Social Enterprise Greenhouse was excited to host Ken Ayers, Chief of the Division of Agriculture at the Rhode Island Department of Environmental Management (DEM). He shared his story of moving about the country, but always returning to his connection to the land through his extended family, including many farmers. “My family are farmers, largely.” he said, “I never realized it would influence my life, but it did. It was something kind of inside me.” Here are 5 things I learned at this week’s Community Table event with Ken Ayers.
Building relationships is important. There has to be a certain degree of teamwork between those who are doing the agricultural work and those who are working in the Division of Agriculture. Ayers spoke of his focus on relationship building, listening, and how it’s been key to this teamwork.
Rhode Island faces unique challenges in agriculture. Our arable land base here in RI looks very different from that of a state such as Nebraska. What works in Texas or Vermont may not work here, due to the size and scale of our farms and the other competing needs that exist here. We have a certain tax structure, a generally high cost-per-acre for farmland and, as Ayers says, “We have our own brand of politics” in Rhode Island. It takes a certain commitment to navigate these political realities.
Definitions are changing. What does the word farm mean? We might picture in our heads rolling green meadows, a corn monoculture, grazing sheep or one million chickens. But is an intensely cultivated half-acre in Providence a farm? Is an indoor growing operation a farm? Can we integrate Cannabis into this definition, and microgreens, and Oysters? Should we? Right now Rhode Island’s official definition of a farm is 30 years old, and much has changed in technology, policy and land use in this time. “Acreage is, in some ways, not what it used to be,” says Ayers. And neither are farmers.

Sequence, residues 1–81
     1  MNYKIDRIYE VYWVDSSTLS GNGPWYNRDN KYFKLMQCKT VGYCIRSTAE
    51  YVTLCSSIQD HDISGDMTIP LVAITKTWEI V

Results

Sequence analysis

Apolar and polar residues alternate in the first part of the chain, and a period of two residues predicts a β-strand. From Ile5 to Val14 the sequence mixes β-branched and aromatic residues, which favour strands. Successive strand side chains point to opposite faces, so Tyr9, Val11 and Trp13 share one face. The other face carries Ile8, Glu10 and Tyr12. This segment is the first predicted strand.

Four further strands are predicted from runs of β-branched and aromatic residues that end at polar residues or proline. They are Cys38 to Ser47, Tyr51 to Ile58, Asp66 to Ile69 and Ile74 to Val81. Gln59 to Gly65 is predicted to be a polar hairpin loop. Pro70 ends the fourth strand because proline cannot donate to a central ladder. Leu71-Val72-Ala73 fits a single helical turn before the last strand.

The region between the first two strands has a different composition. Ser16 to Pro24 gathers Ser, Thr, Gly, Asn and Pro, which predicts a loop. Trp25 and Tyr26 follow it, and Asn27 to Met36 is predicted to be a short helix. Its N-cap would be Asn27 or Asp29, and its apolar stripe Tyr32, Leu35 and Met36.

Public policy is shaped by the people who show up, for better or worse. The vast majority of humans eat, and most of what we eat has, in some way, come from a farm. We are all dependent on agriculture in some way to get through the day. And the environmental impacts of farms large and small affect the broader communities around them. But who is going to the policy meetings? Who is helping to set the rules and create the definitions? Ayers is enthusiastic about public participation, noting that his staff is small and he encourages the public to make their voice heard. “The bottom-up effort can survive almost anything.”
States may be in tension with Federal regulators, and this requires navigation. In the areas of climate change and environmental protection, not all states are on the same page with each other. Neither are we all in agreement with Federal policies about our environment. Ayers talked about working close to home, looking at the values and needs of fellow Rhode Islanders, and letting that lead his approach more than what is happening a thousand miles away. There is an immediacy to this approach, an ability to give and get feedback in real time, and this is something he and his team take into account. Federal regulations still need to be understood and grappled with. But the tension between local and Federal won’t go away, and that’s OK.
To learn more about the RI DEM and Division of Agriculture, check out their website here.
Venture Development Assistant
Traci Picard is a VISTA serving as Venture Development assistant here at SEG. She comes from the world of alternative health, running a small herbal business and teaching classes like Critical Thinking for Herbalists and Asking Better Questions. Traci is also a writer pursuing a Journalism degree, a mother of 3 and a passionate fan of books and the Public Library. Born in Providence, she has lived all over but continues to return home.